Irregular Warfare – Is war with few limitations in an imbalanced struggle among state and non-state actors that favors indirect approaches in order to erode an adversary’s power, influence, and will with activities that include information operations, cyber and disruption actions that seek to influence populations in arenas of competition and conflict. (here) Poor people fighting rich people for their minds.

LSCO – Large-Scale Combat Operations – War, or war on a scale to that of the initial Iraq invasion. (here) War.

Littoral – “The littoral is comprised of “two segments: the seaward portion is that area from the open ocean to the shore that must be controlled to support operations ashore. The landward portion is the area inland from the shore that can be supported and defended directly from the sea.” (here) War on the beach.

Multi-domain Integration – Having every part of defense (air, land, maritime, subsurface, space, and cyberspace) work together to counter perceived military advantages. (here) Working together to fight a war by any means.

Multi-domain Operations – Combined arms employment from joint military capabilities (air, land, maritime, subsurface, space, and cyberspace) “to create and exploit relative advantages that achieve objectives, defeat enemy forces, and consolidate gains on behalf of joint force commanders.” (here) Working together to fight a war by any means.

Multi-Polar Arenas – Areas that defined by multiple power brokers that are in conflict with each other for influence within a specified region. (here) (highly recommended reading) Rivals fighting for influence.

Near Peer Competitor – When and adversary has similar but not quite equal capability, ‘they are close, but we are better.’ (here) Almost rivals fighting for influence.

Organizational Agility – “Agility is the ability of an organization to renew itself, adapt, change quickly, and succeed in a rapidly changing, ambiguous, turbulent environment. Agility is not incompatible with stability—quite the contrary. Agility requires stability for most companies.” (here) The opposite of government bureaucracy.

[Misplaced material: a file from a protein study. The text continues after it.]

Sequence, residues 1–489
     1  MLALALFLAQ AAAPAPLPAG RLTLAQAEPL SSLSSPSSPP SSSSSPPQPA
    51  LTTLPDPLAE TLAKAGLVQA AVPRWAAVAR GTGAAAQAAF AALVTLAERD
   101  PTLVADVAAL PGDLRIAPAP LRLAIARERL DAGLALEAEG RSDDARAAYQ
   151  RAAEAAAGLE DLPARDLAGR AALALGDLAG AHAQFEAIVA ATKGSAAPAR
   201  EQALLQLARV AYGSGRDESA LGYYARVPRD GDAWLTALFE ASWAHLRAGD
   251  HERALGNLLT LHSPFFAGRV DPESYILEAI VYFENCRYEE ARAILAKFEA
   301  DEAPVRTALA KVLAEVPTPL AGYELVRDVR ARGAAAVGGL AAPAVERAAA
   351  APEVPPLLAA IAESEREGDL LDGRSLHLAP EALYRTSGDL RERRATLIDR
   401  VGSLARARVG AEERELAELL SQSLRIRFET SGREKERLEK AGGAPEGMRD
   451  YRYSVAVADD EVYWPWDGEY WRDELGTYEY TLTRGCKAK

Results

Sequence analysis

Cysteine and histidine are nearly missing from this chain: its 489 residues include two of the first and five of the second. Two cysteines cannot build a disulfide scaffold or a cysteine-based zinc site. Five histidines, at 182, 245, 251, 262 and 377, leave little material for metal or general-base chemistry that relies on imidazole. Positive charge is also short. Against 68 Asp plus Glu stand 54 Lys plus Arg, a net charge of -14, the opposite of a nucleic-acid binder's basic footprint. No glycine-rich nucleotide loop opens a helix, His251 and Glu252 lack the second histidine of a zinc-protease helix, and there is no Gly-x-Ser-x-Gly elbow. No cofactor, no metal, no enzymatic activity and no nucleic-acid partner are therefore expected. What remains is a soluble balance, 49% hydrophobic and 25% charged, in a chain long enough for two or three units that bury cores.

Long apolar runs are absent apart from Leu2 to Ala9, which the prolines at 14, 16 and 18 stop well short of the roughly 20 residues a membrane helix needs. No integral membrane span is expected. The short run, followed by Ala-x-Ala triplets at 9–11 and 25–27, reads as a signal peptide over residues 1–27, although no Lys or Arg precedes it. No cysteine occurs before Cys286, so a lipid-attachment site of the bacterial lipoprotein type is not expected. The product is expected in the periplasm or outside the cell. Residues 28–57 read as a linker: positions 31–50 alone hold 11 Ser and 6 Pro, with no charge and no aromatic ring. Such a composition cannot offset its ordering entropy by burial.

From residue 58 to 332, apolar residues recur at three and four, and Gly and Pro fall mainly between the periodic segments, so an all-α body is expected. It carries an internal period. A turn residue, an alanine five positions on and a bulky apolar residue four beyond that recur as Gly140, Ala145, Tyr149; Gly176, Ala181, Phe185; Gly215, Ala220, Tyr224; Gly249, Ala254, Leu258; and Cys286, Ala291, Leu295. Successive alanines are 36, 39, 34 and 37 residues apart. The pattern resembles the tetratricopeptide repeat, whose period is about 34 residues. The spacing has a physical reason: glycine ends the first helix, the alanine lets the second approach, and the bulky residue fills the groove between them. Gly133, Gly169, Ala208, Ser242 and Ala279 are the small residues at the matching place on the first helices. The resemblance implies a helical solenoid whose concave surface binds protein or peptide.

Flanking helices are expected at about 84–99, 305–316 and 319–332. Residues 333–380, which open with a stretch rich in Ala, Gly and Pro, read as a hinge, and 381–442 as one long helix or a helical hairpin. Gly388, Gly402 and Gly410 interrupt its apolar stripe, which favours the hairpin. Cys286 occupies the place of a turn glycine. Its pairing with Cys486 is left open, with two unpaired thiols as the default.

Pacing Challenge / Threat – In regards to China: “China is a rapidly modernizing, nuclear-armed nation that is on a trajectory to become a peer power to the United States. China is now our pacing threat in large part because it is our most technologically sophisticated adversary and effectively uses its economic clout and information operations to bolster its regional and increasingly global position at the expense of its adversaries.” (here) The new cold war.

Robinson’s Model of Warfare and Competition – (here)

Unconventional Warfare – Support to a resistance force that is a semi-organized militarized irregular force as part of an insurgency. (here) Sponsoring poor people to fight rich people.

Unrestricted Warfare – A book written by two Chinese military officers, Qiao Liang and Wang Xiangsuiar, who propose fighting a war against the U.S. that has no limits where the information and the battlespace is everywhere. (here) War anytime, anywhere, if fact we are already fighting.

Value Proposition – “In marketing is a concise statement of the benefits that a company is delivering to customers who buy its products or services.” (here) Trust me, you’ll like it.

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    Daily Dump: China dominates the Caribbean, Their Own, and Redraws the Map - The Cognitive Warrior Project
    September 4, 2023 at 7:32 AM

    […] you have any reservations about the existence of the Great Power Competition (which we defined here) that the U.S. is locked in with China, today’s articles should take care of all doubt. To begin […]